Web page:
Fiction is written with reality and reality is written with fiction. We can write fiction because there is reality and we can write reality because there is fiction; everything we consider today to be myth and legend, our ancestors believed to be history and everything in our history includes myths and legends. Before the splendid modern-day mind was formed our cultures and civilizations were conceived in the wombs of, and born of, what we identify today as fiction, unreality, myth, legend, fantasy, folklore, imaginations, fabrications and tall tales. And in our suddenly realized glory of all our modern-day advancements we somehow fail to ask ourselves the question Who designated myths and legends as unreality? But I ask myself this question because who decided that he was spectacular enough to stand up and say to our ancestors You were all stupid and disillusioned and imagining things and then why did we all decide to believe this person? There are many realities not just one. There is a truth that goes far beyond what we are told today to believe in. And we find that truth when we are brave enough to break away from what keeps everybody else feeling comfortable. Your reality is what you believe in. And nobody should be able to tell you to believe otherwise.
External relationships seem to have been emptied by a massive withdrawal of the real libidinal self. Effective mental activity has disappeared into a hidden inner world; the patient's conscious ego is emptied of vital feeling and action, and seems to have become unreal. You may catch glimpses of intense activity going on in the inner world through dreams and fantasies, but the patient's conscious ego merely reports these as if it were a neutral observer not personally involved in the inner drama of which it is a detached spectator. The attitude to the outer world is the same: non-involvement and observation at a distance without any feeling, like that of a press reporter describing a social gathering of which he is not a part, in which he has no personal interest, and by which he is bored. Such activity as is carried on may appear to be mechanical. When a schizoid state supervenes, the conscious ego appears to be in a state of suspended animation in between two worlds, internal and external, and having no real relationships with either of them. It has decreed an emotional and impulsive standstill, on the basis of keeping out of effective range and being unmoved.
When a beautiful reality looks unreal, you will realize that the beauty of reality is superior to any dream whatsoever!
The shield wall reeks of shit, and all a man wants is to be home, to be anywhere but on this field that prepares for battle, but none of us will turn and run or else we will be despised for ever. We pretend we want to be there, and when the wall at last advances, step by step, and the heart is thumping fast as a bird’s wing beating, the world seems unreal.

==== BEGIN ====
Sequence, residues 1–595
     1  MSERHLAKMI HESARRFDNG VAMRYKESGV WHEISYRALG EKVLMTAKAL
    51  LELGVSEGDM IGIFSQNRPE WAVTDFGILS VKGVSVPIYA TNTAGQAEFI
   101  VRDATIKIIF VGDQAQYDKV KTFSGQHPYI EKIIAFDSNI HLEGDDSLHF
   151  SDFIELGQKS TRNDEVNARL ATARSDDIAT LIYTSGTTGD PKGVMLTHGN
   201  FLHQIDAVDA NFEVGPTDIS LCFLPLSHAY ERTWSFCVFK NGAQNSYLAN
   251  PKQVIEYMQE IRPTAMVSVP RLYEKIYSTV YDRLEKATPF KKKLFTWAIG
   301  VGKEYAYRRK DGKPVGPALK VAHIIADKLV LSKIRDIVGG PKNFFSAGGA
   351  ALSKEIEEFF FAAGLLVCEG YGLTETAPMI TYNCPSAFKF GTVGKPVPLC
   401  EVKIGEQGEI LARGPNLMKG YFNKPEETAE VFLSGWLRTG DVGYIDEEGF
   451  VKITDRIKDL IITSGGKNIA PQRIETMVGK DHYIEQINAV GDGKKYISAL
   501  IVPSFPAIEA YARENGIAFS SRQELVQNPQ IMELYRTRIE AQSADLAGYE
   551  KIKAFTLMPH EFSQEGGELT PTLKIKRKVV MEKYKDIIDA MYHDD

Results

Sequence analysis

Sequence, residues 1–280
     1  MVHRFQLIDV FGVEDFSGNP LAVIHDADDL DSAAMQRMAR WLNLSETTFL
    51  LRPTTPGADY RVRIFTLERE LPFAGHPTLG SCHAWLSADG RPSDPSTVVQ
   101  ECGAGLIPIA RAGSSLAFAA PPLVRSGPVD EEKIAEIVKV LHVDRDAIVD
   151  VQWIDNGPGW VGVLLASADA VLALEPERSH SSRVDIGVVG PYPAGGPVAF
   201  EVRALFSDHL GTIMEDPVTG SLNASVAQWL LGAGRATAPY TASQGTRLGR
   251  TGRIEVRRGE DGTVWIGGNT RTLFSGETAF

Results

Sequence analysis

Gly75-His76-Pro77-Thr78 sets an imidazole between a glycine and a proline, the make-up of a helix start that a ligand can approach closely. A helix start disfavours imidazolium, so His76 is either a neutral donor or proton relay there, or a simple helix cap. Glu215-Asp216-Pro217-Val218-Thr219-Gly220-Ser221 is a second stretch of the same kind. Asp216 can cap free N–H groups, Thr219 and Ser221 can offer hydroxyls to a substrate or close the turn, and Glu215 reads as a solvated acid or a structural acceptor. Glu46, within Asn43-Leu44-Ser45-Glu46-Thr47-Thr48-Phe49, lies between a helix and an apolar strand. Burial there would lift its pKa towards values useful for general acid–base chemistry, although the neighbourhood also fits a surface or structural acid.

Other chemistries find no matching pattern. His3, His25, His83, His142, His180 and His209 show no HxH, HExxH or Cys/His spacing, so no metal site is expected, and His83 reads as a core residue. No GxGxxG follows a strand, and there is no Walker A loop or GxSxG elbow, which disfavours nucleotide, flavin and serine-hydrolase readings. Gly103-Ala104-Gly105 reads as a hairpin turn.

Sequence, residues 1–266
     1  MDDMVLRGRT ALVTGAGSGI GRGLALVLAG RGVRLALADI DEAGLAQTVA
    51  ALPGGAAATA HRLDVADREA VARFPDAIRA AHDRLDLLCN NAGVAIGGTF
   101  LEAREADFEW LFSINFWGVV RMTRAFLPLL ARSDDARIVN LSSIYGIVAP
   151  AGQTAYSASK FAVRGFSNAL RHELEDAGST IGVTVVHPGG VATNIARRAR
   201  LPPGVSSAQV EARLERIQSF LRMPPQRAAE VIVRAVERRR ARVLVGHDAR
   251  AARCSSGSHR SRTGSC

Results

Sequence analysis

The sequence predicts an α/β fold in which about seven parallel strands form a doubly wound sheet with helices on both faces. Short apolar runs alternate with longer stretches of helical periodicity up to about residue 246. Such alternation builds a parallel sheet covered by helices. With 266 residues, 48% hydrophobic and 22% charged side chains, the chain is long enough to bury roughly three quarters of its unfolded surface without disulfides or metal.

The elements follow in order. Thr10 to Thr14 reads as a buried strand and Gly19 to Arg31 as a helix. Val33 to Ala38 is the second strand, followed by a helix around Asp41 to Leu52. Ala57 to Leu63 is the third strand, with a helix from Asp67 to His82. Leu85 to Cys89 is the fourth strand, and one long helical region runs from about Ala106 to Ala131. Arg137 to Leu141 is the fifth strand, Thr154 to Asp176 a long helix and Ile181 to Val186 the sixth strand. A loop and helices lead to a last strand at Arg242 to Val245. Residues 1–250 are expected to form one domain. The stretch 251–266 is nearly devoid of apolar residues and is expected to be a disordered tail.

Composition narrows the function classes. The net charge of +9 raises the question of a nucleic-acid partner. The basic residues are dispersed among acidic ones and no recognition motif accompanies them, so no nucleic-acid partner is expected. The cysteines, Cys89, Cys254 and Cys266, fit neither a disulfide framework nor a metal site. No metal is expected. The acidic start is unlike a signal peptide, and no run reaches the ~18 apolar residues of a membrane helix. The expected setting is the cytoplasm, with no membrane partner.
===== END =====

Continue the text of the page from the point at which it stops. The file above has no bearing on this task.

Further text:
Knowledge is not obtained through being absorbed in a book, it comes when you brush aside fantasies and sensuality, switching from the unreal to the real.
To love at a distance and without hope; never to possess; to dream chastely of pale charms and impossible kisses extinguished on the waxen brow of death: ah, that is something like it. A delicious straying away from the world, and never the return. As only the unreal is not ignoble and empty, existence must be admitted to be abominable. Yes, imagination is the only good thing which heaven vouchsafes to the skeptic and pessimist, alarmed by the eternal abjectness of life.
Oh God just look at me now... one night opens words and utters pain... I cannot begin to explain to you... this... I am not here. This is not happening. Oh wait, it is, isn't it?I am a ghost. I am not here, not really. You see skin and cuts and frailty...these are symptoms, you known, of a ghost. An unclear image with unclear thoughts whispering vague things...If I told you what was really in my head, you''d never let me leave this place. And I have no desire to spend time in hell while I'm still, in theory, alive.
When the reality looks extraordinarily unreal, you must know that you are in an extraordinarily beautiful place!
Besides stage magic props and settings, ritually abusing groups use technology, such as that described by Katz and Fotheringham. Military/political groups have the most sophisticated technologies, and much training or programming is now done with virtual reality equipment. Movies and holograms are used to deceive a child into believing in things that are unreal. When a client says to you “I don't know if it's real; how can it be real?” remember that there are several options, not just two: (1) It happened just as s/he remembers; (2) it did not happen at all; (3) something happened, but due to technology and/or trickery it was not what s/he thinks it was; (4) the thought that the memory must be unreal is itself a program, as described in Chapter Twelve, “Maybe I made it up.p55